I’ve done Durst, I’ve done the Menendez bros, I’ve done BTK and the Golden State killer. I’ve covered Bundy (duh), Cunanan, the Dating Game Killer, and even the lesser-known John Edward Robinson, who killed at least three people, but as an Eagle Scout in 1957, he sang for Queen Elizabeth. As the Senior Writer for ABC’s iconic 20/20 for over a decade, I’ve become an expert on murder. And we haven’t just done the big names: if a husband or wife did it, we’ve “done it” too. With our audience-driven mission of covering true crime, we’ve pretty much done them all. But until writing my novel Rules for Being Dead, I had never written about the mysterious death of my mother—quite possibly at the hands of my father. My first true crime.
The pitch would have gone like so many I’ve heard over the years: a mother of three is found dead, after threatening to leave her husband, who she discovered was having an affair. But before she can pack her bags, she dies. Suspiciously. The husband refuses to have an autopsy performed. Six months later, he married his wife. His grown children of him start asking questions. I was eight years old when my mother died, so I had to wait awhile to start asking mine.
I never set out to be a journalist or a true crime writer, but given the central mystery of my childhood, perhaps it was inevitable. When my father took my twin brother and me into our backyard—by-passing all the mourners who were already gathering inside our house—he told us our mother had “gone.” I asked “Where?” The start of my journalism career. Years later, I realized the question should have been “HOW?” It’s the question I’d spend the next thirty years asking.
For the last three years of 20/20, we’ve programmed almost exclusively true crime. (Within that vast world, our research department tells us the top “favorites” are serial killers and cult leaders; Ted Bundy and Jim Jones “rate well.”) Every Friday night, we have two hours of TV real estate, which means we need a lot of story, a lot of twists and turns to keep viewers hooked. (You’d be surprised by how boring and straight-forward a lot of murders really are.) Before we greenlight a project, we literally graph it, to see if there are enough hooks and high points to carry us over ten acts. Each act needs a “bump” or a “tease” at the end, a shocker that’s resolved on the other side of the commercial.
Inwriting Rules for Being Dead, I thought about my own “act breaks” and “bumps.” With me playing boy detective, did the story of my mother’s death have enough? A few months before she died, I found her trying to kill herself, with a plastic bag belted around her head. That’s an act break for sure. (That’s an entire act.) I watched her attack my father with a cast-iron skillet, claiming the “Great Apostle Paul” told her to do it. (Another act break.) I heard my father arguing with my aunt about why he did n’t want my mother’s body de ella “cut up” for an autopsy, and that same aunt telling me it’s because he’s the one who killed her. (Big act break!) I heard the whispers that she really killed herself; she just didn’t leave a note. (Small, sad act break.)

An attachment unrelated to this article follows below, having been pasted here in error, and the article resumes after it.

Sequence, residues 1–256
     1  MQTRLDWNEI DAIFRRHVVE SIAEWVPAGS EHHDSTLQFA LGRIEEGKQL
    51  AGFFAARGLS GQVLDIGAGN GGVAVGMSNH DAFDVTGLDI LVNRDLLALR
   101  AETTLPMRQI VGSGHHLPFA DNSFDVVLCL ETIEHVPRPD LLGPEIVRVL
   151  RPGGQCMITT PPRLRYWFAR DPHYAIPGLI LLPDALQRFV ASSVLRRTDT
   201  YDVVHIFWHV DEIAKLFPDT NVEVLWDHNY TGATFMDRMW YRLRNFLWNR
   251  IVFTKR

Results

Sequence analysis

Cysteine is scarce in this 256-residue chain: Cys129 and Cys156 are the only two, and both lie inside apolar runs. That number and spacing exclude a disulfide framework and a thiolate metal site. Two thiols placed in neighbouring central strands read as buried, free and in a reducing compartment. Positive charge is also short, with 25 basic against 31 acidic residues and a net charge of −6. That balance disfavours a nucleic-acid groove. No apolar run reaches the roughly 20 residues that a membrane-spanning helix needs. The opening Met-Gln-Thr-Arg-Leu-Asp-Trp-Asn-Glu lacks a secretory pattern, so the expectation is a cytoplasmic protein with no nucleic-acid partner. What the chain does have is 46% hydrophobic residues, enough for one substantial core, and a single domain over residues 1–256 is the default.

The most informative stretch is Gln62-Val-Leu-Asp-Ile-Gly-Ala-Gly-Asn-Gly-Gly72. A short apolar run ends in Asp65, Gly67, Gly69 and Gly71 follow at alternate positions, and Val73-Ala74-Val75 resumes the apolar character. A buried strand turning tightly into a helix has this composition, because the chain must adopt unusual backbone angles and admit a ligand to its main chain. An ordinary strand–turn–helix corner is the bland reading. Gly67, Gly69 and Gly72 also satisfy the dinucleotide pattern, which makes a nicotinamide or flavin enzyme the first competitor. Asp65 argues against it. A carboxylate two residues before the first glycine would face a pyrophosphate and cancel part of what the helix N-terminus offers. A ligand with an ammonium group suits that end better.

That’s the other thing that would have made my childhood story a great 20/20: a competing narrative. Did my father really kill her so he could be with his new girlfriend de ella, which a lot of evidence pointed to, or did she die by suicide, which another set of evidence pointed to? Either option was terrible. How could I find out the truth, after so many decades had elapsed. There was no one left to ask; most of the “characters” were gone. (That’s what we call the real people in our 20/20 stories: “characters.” When we say someone is a “bad character, we don’t mean they’re a bad person, we mean they don’t pop on camera They don’t deliver good soundbites. They’re flat. But doing so much true crime, they may very well be a “bad character.”)
When I started out as a writer for Good Morning America and became the “human interest” guy, and later at 20/20, I was surprised at how many people came on TV to re-live their greatest tragedy: the death of a loved one. Why would they be willing to expose all that pain, to do it live on air? (And not just once but twice. As a writer, I’d do a “pre-interview” with the guest to ask questions and prep them; then they’d have to answer the same questions again the next day on air. I ‘d even write a script for the director, indicating where they might start crying.) I used to judge all those people who came on shows like 20/20 and told their stories as desperate and “other”—until I realized I could have been one of them. I was one of them. I had to ask myself the same question: why did I want to write this book and expose so many family secrets, even if I approached them in a fictional way?
One of the epigraphs in the book is a quote from George Bernard Shaw: “If you cannot get rid of the family skeleton, you may as well make it dance.” I think that’s my answer: I wanted to make my mother dance again. I wanted to bring her back to life, and ask her all the questions I never had a chance to. Sort of journalist to the dead. I wanted to really listen to her answers from her, and allow her to tell me how she died. By the end of my writing, I think she did—and it was unlike anything I had imagined.
For as many deaths as we’ve investigated on 20/20, we never show the actual “moment of death” on air. Our standards department forbids it; human decency forbids it. With all the police cam and cell phone videos we use, we always stop short of the actual point of impact. (Even with the heart-wrenching “Falling Man” video from 9/11, we had to segment it into a series of still frames, one after another, as if we could pause death.) That’s the journalistic rule I took for my own Rules for Being Dead: I segmented my childhood memories into a series of still frames, which when put together jigsaw puzzle-like, would finally give me the complete picture of how my mother died.